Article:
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Search Tags: Department of Energy
A building that runs on almost no energy. It's not magic, it's called a net zero building -- and the Energy Department can now boast of creating the world's largest.
A new form of platinum that could be used to make cheaper, more efficient fuel cells has been created by researchers at the Department of Energy's S-L-A-C National Accelerator Laboratory and the University of Houston. The process could help enable broader use of the devices, which produce emissions-free energy using hydrogen. Fuel cells hold significant promise for clean energy because the cell's only byproduct is water. But current fuel cell designs can require as much as 100 grams of platinum, pushing their price tags into the thousands of dollars. By tweaking platinum's reactivity, the researchers were able to curtail the amount of platinum required by 80 percent, and hope to soon reduce it by another 10 percent, greatly trimming away at the overall cost.
The Pacific Northwest National Lab, part of the Department of Energy, says the Pentagon's computers experience more than five thousand cyber-attacks a day. Now the lab is working on a unique new way to fight cyber-threats with what it calls 'digital ants' that can digitally scurry through a network, cleaning up threats before they occur. The so-called "ants" can follow a virtual "trail" to the source of problems and retrieve information.
New arm of the Department of Energy hopes to be what DARPA is for DoD.
The Pacific Northwest National Laboratory, part of the Department of Energy, is developing digital ants -- yes, ants -- to help keep your agency's systems secure.
In observation of the 40th anniversary of Earth Day, the Vice President's Office announced the selection of 25 communities for up to $452 million in Recovery Act funding to "ramp-up" energy efficiency building retrofits. Under a Department of Energy initiative, communities, governments, private sector companies and non-profits will work together on programs for concentrated retrofits of neighborhoods and towns - and eventually entire states. Meeting one of the Energy Department's missions, the models are expected to save households and businesses about a $100 million annually in utility bills, while leveraging private sector resources, to create what could be as many as 30,000 new jobs over the next three years.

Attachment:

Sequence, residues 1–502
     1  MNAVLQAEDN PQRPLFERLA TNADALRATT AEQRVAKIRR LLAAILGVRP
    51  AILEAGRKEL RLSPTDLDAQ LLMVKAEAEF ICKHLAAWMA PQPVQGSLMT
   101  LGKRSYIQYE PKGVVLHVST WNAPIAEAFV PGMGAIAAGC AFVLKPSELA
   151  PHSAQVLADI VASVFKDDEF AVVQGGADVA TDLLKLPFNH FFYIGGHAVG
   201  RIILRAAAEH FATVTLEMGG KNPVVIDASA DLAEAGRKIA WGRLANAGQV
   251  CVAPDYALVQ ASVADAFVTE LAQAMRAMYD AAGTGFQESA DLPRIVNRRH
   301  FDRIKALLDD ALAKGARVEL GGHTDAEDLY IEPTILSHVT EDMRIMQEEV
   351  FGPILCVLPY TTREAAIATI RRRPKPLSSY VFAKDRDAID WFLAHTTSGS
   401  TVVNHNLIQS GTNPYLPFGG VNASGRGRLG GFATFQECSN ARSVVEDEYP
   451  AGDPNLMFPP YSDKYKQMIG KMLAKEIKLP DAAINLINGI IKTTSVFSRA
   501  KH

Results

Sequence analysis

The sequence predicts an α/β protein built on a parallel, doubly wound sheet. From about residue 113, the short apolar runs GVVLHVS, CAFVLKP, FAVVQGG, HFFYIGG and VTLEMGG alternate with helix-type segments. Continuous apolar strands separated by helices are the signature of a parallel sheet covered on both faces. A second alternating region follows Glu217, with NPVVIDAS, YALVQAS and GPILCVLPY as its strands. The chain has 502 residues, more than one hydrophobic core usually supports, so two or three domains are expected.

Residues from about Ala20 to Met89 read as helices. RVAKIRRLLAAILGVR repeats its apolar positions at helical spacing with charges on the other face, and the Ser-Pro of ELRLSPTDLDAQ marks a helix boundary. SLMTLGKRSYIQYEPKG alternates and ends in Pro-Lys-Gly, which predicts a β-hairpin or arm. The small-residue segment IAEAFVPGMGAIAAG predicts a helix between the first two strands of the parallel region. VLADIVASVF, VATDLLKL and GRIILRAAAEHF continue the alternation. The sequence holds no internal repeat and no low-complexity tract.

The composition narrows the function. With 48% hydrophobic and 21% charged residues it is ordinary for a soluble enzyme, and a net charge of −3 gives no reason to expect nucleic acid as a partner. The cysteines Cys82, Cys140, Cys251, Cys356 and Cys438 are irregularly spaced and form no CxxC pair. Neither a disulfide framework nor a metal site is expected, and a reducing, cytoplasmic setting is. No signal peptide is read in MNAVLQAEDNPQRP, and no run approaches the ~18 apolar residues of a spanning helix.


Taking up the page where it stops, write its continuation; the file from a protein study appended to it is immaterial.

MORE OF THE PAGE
The Solar Energy Industries Association reports that 2009 was another year of strong growth in the industry despite the economic recession. They report overall U.S. solar electric capacity, including both photovoltaic and concentrating solar power installations, increased by some 37 percent. This was driven primarily by strong demand in the residential and utility-scale markets, state and federal policy advances, and declining technology prices. As a result, total solar industry revenue reached 4 billion dollars, a 36 percent increase over 2008. Pointing to the importance of the technology to reducing greenhouse gasses while helping to stimulate the economy, the Department of Energy's Solar Energy Technology Program accelerates the development of solar technologies as energy sources for the nation and world.
Culminating a decade-long journey to expand the periodic table, an international team of scientists from Russia and the U.S. - including two Department of Energy national labs and two universities - has discovered the newest superheavy element; element 117.
The experiment produced six atoms of the element. Element 117 was the only missing element in row seven of the periodic table.
Physicists say the discovery of new elements expand our understanding of the universe and provide important tests of nuclear theories. Lawrence Livermore National Lab director George Miller calls it a significant breakthrough for science that will provide new insight into the makeup of the universe. He calls it a "testimony to the strength of science and technology at the partner institutions.
Since 1940, 26 new elements beyond uranium have been added to the periodic table.
The Department of Energy says an expansion of the production of cellulosic biofuels can help to meet energy production, and greenhouse gas reduction goals.
The Department's Section 9-42 program supports the production of cellulosic biofuels by providing payments on a per gallon basis through a reverse auction process.
Members of the Biotechnology Industry group "BIO" point to a new report they say shows advanced biofuels are key to creating new jobs and revitalizing the U.S. economy.
The Report says the development of the industry could produce more than 140-billion dollars in economic growth by the year 2030, including the direct creation of as many as 29-thousand jobs by the year 2012; while reducing U.S petroleum imports by about 5-point-5 billion dollars by the same year, and by nearly 70-billion dollars by the year 2022.